In an alternative embodiment the equipment includes transmitting equipment and receiving equipment connected to forward and return channels of the circuit respectively, a crosscorrelation network, means for applying the same signal as is transmitted over the forward channel to the cross-correlation network, means for applying the signal received over the return'channel to the cross-correlation network whereby the cross-correlation network produces a plurality of samples of the echo impulse response of the circuit, an adaptive filter network responsive to the output of the cross-correlation network, the output of the speech transmitting equipment being fed also to the adaptive filter network where it is modified in accordance with the output from the cross-correlation network to form a dummy echo and means for adding the inverted output of the adaptive filter network to the return channel in advance of the point from which the input to the cross-correlation network is taken.

The invention depends on measuring and simulating the impulse response of the echo path in :a long distance both-way circuit, which will be called the echo impulse response of the circuit. This is measured by making use of the fact that the cross-correlation function of the input to and output from a circuit is the convolution integral of the autocorrelation function of the input and the impulse response of the circuit. If the input is a random noise, its autocorrelation function will be a unit pulse at zero delay, so that this when convolved with the impulse response will not alter it. Thus the cross-correlation function of a random noise input to a circuit and the output of that circuit is simply the impulse response of the circuit. Now if the noise is sent from one end of the circuit, and cross-correlated with the signal returning to that end, the cross-correlation function will be the echo impulse response of the circuit that is required. This argument is not altered by the presence of a signal from the other end of the circuit or even another signal from the same end provided that these other signals have zero correlation with the noise, and that the return signal is cross-correlated only with the transmitted noise.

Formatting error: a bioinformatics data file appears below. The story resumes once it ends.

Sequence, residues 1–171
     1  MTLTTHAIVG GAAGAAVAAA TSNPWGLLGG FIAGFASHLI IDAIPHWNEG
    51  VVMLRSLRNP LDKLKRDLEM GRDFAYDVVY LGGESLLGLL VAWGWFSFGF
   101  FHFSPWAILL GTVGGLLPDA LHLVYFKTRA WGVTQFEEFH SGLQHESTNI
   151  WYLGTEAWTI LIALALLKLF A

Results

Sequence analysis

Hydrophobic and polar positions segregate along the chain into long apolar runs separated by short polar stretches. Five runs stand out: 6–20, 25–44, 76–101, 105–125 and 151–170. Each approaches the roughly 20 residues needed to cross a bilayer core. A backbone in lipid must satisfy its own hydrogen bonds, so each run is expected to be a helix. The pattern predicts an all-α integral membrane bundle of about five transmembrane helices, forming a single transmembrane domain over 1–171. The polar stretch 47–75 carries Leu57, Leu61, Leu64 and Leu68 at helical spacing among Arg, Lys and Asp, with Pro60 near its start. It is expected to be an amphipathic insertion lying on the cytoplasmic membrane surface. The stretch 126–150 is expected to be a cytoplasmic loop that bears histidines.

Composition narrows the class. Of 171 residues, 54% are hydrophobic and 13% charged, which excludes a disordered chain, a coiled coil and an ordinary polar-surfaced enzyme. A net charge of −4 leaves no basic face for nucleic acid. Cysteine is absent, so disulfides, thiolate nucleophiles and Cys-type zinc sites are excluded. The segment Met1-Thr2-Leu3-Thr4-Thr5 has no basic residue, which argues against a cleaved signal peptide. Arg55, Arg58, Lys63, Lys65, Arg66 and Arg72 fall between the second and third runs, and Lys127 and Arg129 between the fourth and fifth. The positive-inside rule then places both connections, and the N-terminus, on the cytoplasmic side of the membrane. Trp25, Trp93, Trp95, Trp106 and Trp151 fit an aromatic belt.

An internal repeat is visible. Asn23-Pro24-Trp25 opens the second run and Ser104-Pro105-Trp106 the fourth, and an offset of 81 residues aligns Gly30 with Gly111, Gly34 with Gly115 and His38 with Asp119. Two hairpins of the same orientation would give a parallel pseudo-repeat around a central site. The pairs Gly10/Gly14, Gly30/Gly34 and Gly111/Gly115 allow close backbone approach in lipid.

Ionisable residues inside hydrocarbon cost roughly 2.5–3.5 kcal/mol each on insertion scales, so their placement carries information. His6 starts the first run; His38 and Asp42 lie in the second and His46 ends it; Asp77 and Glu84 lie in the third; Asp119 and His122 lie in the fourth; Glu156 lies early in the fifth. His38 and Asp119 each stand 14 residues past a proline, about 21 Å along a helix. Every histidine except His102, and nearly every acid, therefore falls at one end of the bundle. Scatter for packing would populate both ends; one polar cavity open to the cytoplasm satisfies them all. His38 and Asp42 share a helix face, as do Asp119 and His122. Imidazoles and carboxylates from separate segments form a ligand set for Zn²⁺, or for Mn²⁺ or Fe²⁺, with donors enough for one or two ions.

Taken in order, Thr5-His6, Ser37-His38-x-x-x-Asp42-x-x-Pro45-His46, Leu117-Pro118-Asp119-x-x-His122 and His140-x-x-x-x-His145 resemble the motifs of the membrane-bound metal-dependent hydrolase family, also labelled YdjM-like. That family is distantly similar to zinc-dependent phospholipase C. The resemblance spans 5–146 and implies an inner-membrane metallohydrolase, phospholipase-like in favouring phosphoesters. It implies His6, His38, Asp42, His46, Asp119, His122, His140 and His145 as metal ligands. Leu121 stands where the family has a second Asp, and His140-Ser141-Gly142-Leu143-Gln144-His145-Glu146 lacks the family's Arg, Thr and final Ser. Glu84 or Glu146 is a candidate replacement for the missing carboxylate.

Thus it is possible to monitor the echo impulse response of the circuit whilst it is in use. As the impulse response changes only every few minutes, it is possible to take several seconds to determine it and to use noise of a very small amplitude, small enough to be negligible compared to the other noise present in the circuit.